Flashcards in Clinical anticoagulants Deck (47):
Why are platelets important for clotting?
They provide the phospholipid surface
Contain clotting factors
binds collagen, vWF and fibrinogen
What is the structure of serine proteases?
They have a GIa domain which is hydrophobic to bind to the phospholipid surface
what are some serine proteases?
Clotting factors II,VII,FIX,X
in brief how is the fibrin strand produced?
Prothrombin is converted to thrombin by FX.
thrombin can then convert fibrinogen to fibrin.
what are some indications for anticoagulation?
- Valvular heart disease
what factors does the CHAD 2 score take into account?
what factors does HASBLED take into account?
- abdominal, renal or liver dysfunction
- drugs/ alcohol
using the CHAD system who gets anticoagulants?
all men with a score of 1
anyone with a score of 2
why can factor 8 increase after surgery?
its an acute phase reactant
what are absolute contraindications of anticoagulants?
what are relative contraindications of anticoagulation?
Active peptic ulceration
alcohol or drug use
severe liver disease
what is unfractionated heparin?
a linear sulphated polysaccharide consisting of negatively charged glycosaminoglycans with a 1;1 raio of anti X and anti II
what is low molecular weight heparin?
Has differing Anti X and anti II ratio's
produced by depolymerisation of unfractionated heparin
how is heparin produced?f
from bovine lung/ porcine intestine
what is the MOA of heparin?
it binds to anti thrombin causing a conformational change, this increases the inhibiton of FX and thrombin
how is unfractionated heparin cleared?
what is the half life of unfractionated heparin?
how is unfractionated heparin given?
IV or sc
what is the reversal for unfractionated heparin?
how is LMWH cleared?
what is the half life of LMWH?
what is the amount of time before LMWH is peak?
how is LMWH administered?
what is the reversal for LMWH?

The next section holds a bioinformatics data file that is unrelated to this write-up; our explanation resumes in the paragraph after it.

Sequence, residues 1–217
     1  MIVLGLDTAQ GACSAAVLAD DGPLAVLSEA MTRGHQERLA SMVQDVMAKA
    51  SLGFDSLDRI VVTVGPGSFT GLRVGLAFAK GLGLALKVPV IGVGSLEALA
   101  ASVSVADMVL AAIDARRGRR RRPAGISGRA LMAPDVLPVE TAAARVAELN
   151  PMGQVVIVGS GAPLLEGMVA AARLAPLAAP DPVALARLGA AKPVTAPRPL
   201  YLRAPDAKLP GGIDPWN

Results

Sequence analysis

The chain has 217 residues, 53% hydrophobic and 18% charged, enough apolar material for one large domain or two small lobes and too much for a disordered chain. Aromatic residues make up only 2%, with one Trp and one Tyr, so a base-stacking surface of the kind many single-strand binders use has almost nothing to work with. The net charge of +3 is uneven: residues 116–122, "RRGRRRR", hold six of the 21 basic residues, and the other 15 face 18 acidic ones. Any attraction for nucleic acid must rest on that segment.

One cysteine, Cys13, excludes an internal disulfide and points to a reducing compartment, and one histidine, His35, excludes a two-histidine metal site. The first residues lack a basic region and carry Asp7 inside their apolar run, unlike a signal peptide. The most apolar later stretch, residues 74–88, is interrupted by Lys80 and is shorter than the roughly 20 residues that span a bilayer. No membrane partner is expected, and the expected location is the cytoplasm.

minimal reversal can be achieved with protamin
what people need anti Xa monitoring?
what tests will unfractionated heparin effect?
What tests will LMWH effect?
what tests will vitamin K antagonists affect?
what tests will dabigatren affect?
what are the side effects of heparin?
what do you do for heparin induced thrombocytopenia with thrombosis?
stop heparin and given danaparoid or hirudin
how does warfarin work?
Its a vitamin K antagonist
What process does vitamin K interfer with?
gamma carboxylation of GIa domain
what does gamma carboxylation of the GIa domain normally allow?
interaction with the phospholipid of platelet membranes which localises coagulation
how is warfarin initiated in patients with thrombosis?
what is warfarin dose sensitive to?
what test is warfarin monitored with?
For warfarin VTE prophylaxis what INR is ideal?
For people on warfarin due to mechanical heart valves what INR value is ideal?
for people on warfarin due to antiphospholipid syndrome what INR is a good range?
what are the side effects of warfarin?
Bleeding, skin necrosis, birth skeletal abnormalities, increased foetal loss
what does warfarin cause skin necrosis?
Due to a protein C deficiency
what does warfarin cause birth skeletal abnormalities
Lack of gamma carboxylation of bone protein takens place
how do DOAC's work?
targeted inhibition of Xa or thrombin
what tests can be done to monitor dabigatran?
what does a normal TT mean in dabigatran?
It excludes the possibility that there is any circulation